September 2, 2007

Ephesians 1:9


   The will of God was foremost in the life and ministry of Christ. Not only did He teach disciples to pray that God’s will would be done “on earth, as it is in heaven,” His every moment and movement were guided by God’s will. His disciples were repeatedly instructed as to the will of His “Father, Which is in heaven.” (Mt. 7:21, 12:50, 18:14). The Lord’s agony in Gethsemane decided “not My will, but Thine be done.” (Lk. 22:42). The Lord sought not His own will, but “the will of Him that sent Me” (Jn. 4:34; 5:30, 6:38-40).
   The Psalmist wrote, “Sacrifice and offering, You did not want, but a body have You prepared for me. Then said I, Lo, I Come...  I delight to do Your will, O my God” (40:6-8). When Christ came into the world, He took away “the first (the Old Covenant with its sacrificial system) that He may establish the second (the New Covenant, the will of God), “by the which will we are sanctified by the offering of the body of Jesus Christ once for all time” (Heb. 10:8-11).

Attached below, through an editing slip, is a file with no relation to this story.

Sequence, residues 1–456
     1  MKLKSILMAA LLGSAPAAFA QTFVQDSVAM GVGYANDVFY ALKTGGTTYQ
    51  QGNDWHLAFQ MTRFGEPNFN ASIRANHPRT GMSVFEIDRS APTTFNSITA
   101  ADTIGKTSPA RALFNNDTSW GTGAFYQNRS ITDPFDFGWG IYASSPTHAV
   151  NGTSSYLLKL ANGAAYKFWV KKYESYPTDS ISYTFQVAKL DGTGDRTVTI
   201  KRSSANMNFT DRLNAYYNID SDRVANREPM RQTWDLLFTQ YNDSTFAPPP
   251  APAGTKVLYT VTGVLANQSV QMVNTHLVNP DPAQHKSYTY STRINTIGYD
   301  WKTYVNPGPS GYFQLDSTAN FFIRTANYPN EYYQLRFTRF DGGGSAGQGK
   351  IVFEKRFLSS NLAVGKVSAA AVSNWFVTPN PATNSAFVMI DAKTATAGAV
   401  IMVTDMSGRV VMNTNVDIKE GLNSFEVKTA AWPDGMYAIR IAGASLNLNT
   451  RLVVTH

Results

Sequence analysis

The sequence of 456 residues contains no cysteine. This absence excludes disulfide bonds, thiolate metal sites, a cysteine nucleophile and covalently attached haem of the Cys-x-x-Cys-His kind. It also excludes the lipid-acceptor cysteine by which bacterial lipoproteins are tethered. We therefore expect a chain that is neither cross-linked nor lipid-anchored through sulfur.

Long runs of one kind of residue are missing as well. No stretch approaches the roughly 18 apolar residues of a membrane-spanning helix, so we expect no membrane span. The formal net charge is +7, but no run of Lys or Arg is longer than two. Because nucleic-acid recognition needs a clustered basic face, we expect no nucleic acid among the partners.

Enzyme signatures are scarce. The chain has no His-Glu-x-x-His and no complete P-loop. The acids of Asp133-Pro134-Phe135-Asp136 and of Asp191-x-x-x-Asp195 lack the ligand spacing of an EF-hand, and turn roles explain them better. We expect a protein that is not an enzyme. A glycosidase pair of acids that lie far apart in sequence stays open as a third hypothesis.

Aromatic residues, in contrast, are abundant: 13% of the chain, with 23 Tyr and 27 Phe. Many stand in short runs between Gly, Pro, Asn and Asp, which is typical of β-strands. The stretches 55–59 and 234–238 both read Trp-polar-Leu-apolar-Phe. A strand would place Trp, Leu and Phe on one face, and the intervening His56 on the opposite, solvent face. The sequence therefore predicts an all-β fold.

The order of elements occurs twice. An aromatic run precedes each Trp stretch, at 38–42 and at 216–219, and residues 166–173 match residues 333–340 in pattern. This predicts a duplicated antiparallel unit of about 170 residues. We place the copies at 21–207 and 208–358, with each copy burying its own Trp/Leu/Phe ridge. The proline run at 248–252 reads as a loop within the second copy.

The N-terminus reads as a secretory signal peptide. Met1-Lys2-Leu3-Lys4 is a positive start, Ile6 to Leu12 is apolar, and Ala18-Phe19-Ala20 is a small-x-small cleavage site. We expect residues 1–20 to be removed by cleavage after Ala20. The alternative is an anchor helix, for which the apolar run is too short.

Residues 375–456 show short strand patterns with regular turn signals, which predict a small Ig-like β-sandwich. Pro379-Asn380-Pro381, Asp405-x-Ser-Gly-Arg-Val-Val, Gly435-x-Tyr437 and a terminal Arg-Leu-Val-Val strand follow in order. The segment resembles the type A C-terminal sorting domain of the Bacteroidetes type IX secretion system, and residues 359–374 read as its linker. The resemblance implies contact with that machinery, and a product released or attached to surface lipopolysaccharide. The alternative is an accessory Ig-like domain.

Christ “pleased not Himself...” but the One Who sent Him. God’s will is simply what He wants to be done in our lives for His own pleasure! The Lord said it best, “Whoever wills to come after Me, let him deny himself (what he wants to do),...and follow Me. For whosoever wills to save his life shall lose it; but whosoever shall lose his life for My sake and the gospel's, the same shall save it” (Mk. 8:34-35). We cannot save our lives by living for our pleasure doing our will. We will lose them. On the other hand, if we lose our lives by not living for ourselves, but for the gospel and the Lord Jesus doing the will of God, we will save our lives. By abandoning our will and doing His will we preserve our lives to eternal glory and reward! “You have need of patience, that, after you have done the will of God, you might receive the promise... Now the God of peace...make you perfect in every good work to do his will, working in you that which is well pleasing in his sight, through Jesus Christ” (Heb. 10:36, 13:21). We, too, can prove what is “that good, and acceptable, and perfect will of God” (Rom. 12:2).

Ivan L. Burgener